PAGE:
7.3 Efficiency of resource allocation

Friday, 06. May 2011, 20:30


7.2 Equity


7.4 Technical efficiency

According to OECD Health Data (2010a) an international comparison of the Slovak health system shows that (see also Table 7.4):

  • Health spending per capita in Slovakia (US$ 1738 per • capita in PPP) is half of the EU15 average (US$ 3483), on the same level as in the Czech Republic (US$ 1 781), 20% higher than in Hungary (US$ 1 437) and 40% higher than in Poland (US$ 1 213).

  • Hospital bed availability (6.6 beds per 1000) is, with Poland, the lowest among the Visegrád Four countries, but higher than for the EU15 (5.3) and OECD (5.6). However, the acute care occupancy rate (67.5%) is the lowest among the Visegrád Four and significantly lower than for the EU15 (76.4). On the other hand, discharge rates (20.8 per 100) are the highest among the Visegrád Four and 20% higher than for the EU15 (17.3).

  • The number of consultations (12.1 per capita) is only slightly higher than in the Czech Republic (11.4) and Hungary (11.3), but almost double that of Poland (6.8), the EU15 (6.7) or OECD average (7.7).

  • Spending on pharmaceuticals in Slovakia (US$ 489 per capita in PPP) is at the same level as the OECD (US$ 490) and much higher than in Hungary (US$ 454), the Czech Republic (US$ 363) or Poland (US$ 274). Combined with the lower economic performance of Slovakia (US$ 22 193 per capita in PPP) compared to the OECD average (US$ 33 271) this means that pharmaceutical expenditure in Slovakia is 2.2% of GDP compared to 1.5% GDP in the OECD, or 28% of total health care spending versus 16% in the OECD.

  • According to Filko (2009), high spending on pharmaceuticals in Slovakia (Fig. 7.3) can be explained mainly by the effect of the low price level for health services in Slovakia (which makes pharmaceuticals relatively expensive), to a lesser extent by the lower level of other health care expenditure and, finally, to a small extent, to the effect of over-priced drugs (Fig. 7.4). The high proportion of expenditure on drugs leaves only a little room for growth in outpatient and inpatient care. Experience from recent years shows that more resources can be allocated to inpatient and outpatient care when drug expenditure is not rising quickly.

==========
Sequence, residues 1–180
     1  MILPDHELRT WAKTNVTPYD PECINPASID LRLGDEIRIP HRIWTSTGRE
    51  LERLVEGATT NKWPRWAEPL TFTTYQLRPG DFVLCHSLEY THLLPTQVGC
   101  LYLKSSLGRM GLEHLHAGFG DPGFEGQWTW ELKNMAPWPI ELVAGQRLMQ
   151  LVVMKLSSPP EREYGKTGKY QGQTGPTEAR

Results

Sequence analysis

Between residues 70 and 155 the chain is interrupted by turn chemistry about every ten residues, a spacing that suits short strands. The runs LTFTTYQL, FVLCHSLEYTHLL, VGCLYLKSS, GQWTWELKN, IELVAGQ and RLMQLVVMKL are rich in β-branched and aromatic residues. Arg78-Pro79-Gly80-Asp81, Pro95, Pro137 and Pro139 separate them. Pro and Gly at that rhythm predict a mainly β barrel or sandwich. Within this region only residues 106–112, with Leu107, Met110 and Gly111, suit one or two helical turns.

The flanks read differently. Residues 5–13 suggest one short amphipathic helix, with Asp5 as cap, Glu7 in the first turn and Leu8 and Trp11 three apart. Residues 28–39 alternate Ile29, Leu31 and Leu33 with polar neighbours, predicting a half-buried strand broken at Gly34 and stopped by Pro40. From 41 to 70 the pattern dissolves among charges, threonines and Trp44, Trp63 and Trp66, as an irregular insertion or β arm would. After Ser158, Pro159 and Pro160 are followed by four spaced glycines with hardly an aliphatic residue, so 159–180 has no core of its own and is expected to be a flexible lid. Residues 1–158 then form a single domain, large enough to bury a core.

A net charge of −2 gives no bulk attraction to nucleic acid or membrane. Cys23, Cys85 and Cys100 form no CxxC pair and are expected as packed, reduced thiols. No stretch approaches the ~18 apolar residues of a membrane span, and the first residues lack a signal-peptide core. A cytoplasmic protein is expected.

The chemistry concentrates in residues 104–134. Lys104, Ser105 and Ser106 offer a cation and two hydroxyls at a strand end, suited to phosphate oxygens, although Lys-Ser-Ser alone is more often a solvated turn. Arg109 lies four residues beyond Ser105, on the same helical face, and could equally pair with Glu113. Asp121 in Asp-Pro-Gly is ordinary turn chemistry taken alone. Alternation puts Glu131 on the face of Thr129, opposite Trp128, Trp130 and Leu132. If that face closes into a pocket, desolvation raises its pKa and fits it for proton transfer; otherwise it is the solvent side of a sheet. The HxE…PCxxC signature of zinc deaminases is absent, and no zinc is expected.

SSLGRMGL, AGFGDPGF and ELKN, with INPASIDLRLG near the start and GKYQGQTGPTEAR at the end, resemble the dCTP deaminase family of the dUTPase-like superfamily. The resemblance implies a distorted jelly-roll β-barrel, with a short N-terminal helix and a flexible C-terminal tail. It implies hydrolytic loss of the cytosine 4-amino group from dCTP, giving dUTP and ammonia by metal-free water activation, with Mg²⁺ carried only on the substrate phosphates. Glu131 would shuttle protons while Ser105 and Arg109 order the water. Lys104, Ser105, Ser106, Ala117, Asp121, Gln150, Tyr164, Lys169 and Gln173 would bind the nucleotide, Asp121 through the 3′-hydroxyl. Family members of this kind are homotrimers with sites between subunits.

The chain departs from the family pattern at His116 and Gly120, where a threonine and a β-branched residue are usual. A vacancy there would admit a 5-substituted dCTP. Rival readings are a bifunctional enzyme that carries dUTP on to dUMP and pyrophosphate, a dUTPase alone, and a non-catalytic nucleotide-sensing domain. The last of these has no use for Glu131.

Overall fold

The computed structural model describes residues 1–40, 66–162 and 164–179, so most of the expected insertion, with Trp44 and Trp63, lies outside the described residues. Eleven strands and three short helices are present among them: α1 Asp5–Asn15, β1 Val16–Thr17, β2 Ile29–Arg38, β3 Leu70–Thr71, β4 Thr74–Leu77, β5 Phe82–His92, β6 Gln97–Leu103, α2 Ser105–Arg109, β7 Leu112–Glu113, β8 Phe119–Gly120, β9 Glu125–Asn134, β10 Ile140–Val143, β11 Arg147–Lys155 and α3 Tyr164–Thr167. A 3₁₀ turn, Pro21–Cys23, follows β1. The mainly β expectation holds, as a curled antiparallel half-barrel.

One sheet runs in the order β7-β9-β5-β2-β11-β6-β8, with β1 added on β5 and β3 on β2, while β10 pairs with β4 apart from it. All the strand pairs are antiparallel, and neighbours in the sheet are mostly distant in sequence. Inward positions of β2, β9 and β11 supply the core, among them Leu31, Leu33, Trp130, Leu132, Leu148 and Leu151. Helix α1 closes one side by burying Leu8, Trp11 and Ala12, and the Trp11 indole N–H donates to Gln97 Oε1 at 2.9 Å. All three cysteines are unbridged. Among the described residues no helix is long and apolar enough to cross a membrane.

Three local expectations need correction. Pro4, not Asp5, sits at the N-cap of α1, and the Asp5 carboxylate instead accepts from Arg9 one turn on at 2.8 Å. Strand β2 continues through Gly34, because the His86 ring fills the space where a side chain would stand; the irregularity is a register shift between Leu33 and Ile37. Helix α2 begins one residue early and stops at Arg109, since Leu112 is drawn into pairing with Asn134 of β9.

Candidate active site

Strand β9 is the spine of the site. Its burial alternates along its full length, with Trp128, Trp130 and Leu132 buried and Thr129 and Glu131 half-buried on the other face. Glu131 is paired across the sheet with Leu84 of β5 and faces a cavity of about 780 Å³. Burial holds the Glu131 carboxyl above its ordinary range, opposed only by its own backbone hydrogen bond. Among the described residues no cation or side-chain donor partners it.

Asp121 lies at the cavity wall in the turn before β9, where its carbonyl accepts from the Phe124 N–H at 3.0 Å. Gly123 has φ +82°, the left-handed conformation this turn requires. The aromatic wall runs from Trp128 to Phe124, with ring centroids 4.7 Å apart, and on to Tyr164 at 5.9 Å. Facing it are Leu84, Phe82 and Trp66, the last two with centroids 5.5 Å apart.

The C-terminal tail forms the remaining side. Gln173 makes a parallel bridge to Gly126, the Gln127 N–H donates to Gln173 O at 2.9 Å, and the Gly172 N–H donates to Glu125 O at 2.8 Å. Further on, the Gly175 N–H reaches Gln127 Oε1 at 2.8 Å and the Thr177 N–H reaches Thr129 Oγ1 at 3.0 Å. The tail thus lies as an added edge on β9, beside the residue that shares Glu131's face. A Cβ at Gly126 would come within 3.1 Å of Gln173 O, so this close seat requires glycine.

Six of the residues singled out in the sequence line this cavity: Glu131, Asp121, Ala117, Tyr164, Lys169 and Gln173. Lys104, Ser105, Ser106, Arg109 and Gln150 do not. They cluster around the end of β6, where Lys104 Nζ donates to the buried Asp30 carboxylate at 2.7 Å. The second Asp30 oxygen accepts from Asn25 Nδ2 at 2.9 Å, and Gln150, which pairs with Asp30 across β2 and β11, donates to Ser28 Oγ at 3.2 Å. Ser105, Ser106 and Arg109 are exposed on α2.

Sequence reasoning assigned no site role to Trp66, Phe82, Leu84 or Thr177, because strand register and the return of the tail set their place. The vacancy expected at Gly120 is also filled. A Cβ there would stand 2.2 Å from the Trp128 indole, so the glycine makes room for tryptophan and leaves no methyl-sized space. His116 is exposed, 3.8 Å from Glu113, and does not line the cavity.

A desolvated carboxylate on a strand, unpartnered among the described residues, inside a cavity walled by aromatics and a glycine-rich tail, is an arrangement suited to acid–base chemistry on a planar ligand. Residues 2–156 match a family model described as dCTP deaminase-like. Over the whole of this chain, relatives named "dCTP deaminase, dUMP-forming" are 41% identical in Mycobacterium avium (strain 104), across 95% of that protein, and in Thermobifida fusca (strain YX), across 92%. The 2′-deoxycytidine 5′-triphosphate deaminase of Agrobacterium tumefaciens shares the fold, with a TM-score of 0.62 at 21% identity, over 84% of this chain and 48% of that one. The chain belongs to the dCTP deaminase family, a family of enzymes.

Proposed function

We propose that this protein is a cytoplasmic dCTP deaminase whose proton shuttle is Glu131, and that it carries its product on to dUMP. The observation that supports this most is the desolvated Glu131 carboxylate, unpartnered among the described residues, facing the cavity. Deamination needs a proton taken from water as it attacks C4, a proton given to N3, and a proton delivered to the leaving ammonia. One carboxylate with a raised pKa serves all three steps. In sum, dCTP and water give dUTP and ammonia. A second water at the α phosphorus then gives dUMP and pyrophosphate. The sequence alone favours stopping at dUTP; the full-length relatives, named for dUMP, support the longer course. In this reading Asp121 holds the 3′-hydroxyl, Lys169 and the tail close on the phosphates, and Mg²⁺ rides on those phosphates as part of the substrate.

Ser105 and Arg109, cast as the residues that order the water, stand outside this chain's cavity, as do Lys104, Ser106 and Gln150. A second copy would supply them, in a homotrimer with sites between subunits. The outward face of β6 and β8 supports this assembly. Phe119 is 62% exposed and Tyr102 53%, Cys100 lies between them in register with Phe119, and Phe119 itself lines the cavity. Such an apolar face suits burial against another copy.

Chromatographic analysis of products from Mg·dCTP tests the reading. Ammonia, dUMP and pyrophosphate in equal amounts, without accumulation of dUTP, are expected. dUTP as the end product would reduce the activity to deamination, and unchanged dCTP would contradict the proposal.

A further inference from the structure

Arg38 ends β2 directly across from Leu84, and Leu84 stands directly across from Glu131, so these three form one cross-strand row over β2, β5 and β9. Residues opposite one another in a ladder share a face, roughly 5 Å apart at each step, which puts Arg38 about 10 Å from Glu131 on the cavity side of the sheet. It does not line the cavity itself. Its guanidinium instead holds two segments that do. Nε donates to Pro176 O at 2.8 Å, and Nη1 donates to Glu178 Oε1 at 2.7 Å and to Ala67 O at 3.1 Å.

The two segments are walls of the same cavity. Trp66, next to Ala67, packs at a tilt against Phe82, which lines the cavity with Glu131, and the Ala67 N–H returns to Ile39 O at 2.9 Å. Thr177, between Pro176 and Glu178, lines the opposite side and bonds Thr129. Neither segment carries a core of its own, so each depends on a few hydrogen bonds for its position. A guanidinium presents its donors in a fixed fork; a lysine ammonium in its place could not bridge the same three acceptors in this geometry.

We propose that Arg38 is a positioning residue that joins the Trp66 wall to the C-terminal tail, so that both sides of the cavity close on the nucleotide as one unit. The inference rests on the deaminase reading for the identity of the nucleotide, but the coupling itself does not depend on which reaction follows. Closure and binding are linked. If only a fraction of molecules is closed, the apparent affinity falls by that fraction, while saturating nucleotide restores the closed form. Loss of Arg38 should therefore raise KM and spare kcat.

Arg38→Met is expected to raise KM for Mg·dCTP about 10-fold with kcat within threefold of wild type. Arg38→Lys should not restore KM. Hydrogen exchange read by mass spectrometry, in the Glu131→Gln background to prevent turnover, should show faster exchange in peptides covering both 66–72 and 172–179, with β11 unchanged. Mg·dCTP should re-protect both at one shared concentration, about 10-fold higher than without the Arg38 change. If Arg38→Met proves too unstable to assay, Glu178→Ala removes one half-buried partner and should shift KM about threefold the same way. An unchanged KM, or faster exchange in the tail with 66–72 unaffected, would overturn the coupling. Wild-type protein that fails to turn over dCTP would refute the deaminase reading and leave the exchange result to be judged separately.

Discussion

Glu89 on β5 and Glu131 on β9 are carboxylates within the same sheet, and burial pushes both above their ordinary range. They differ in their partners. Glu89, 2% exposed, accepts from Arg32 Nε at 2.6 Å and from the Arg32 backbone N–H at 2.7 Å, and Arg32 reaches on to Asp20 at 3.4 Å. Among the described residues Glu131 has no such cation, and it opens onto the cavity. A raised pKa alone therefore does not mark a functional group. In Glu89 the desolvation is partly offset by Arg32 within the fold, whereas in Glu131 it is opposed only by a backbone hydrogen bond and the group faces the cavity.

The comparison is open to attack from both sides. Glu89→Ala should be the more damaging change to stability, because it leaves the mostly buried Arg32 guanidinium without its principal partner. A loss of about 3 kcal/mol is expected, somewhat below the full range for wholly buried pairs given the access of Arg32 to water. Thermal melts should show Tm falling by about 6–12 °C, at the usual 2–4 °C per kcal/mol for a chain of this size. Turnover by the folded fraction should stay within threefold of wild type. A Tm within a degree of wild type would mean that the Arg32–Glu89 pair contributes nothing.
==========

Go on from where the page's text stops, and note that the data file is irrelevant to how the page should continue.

Table 7.4: Selected health resources, 2008

Fig. 7.3: Pharmaceutical expenditure in Slovakia vs OECD and Visegrád Three (Czech Republic, Hungary, Poland) as % of total health expenditure

Fig. 7.4: Components of pharmaceutical expenditure in Slovakia

The OECD Health Data (2010) also shows that health outcomes in Slovakia are relatively close to the other three Visegrád Four countries but significantly worse than the averages for the EU15 and OECD (see Table 7.5):

  • Life expectancy in Slovakia is 74.8 years, five years less than the EU15 (80.2 years) and OECD averages (79.2 years).

  • The standardized death rate (895.6) is 55% higher than the EU15 average, while the standardized death rate for diseases of the circulatory system (485.4) is the highest among the Visegrád Four countries and more than double the EU15 (203.8) and OECD (230.1) averages. In contrast, the standardized death rate for malignant neoplasms is the lowest among the Visegrád Four countries and only 20% higher than the EU15 (162.5) and OECD (164.3) averages.

  • Infant mortality in Slovakia (5.9 per 1000 live births) is slightly above the level of Hungary and Poland (both 5.6) and significantly higher than the EU15 average (3.4). On the other hand, the maternal mortality rate is significantly lower in Slovakia (3.5 per 100 000 live births) than the EU15 (6.5) or OECD (10.1) averages.

Table 7.5: Health outcome in the Visegrád Four, EU15 and OECD

These observations are in line with a 2007 IMF study (Verhoeven, Gunnarsson & Lugaresi 2007), which concludes that Slovakia, like other EU10 countries (i.e. the 10 countries that joined the EU in May 2004), combines relatively low health spending with relatively poor health outcomes. Inefficiencies in the Slovak health system occur mostly in the process of transforming intermediate health resources into health outcomes. The IMF study sees two reasons for this. First, this is due to inertia – for instance, hospital structures may still reflect old standards and a significant proportion of current health workers were educated in the pre- and early transition period. Second, high cost–effectiveness in Slovakia reflects relatively low prices for labour and other inputs for health services. As a result, despite spending levels, real resources in the health sector are relatively high.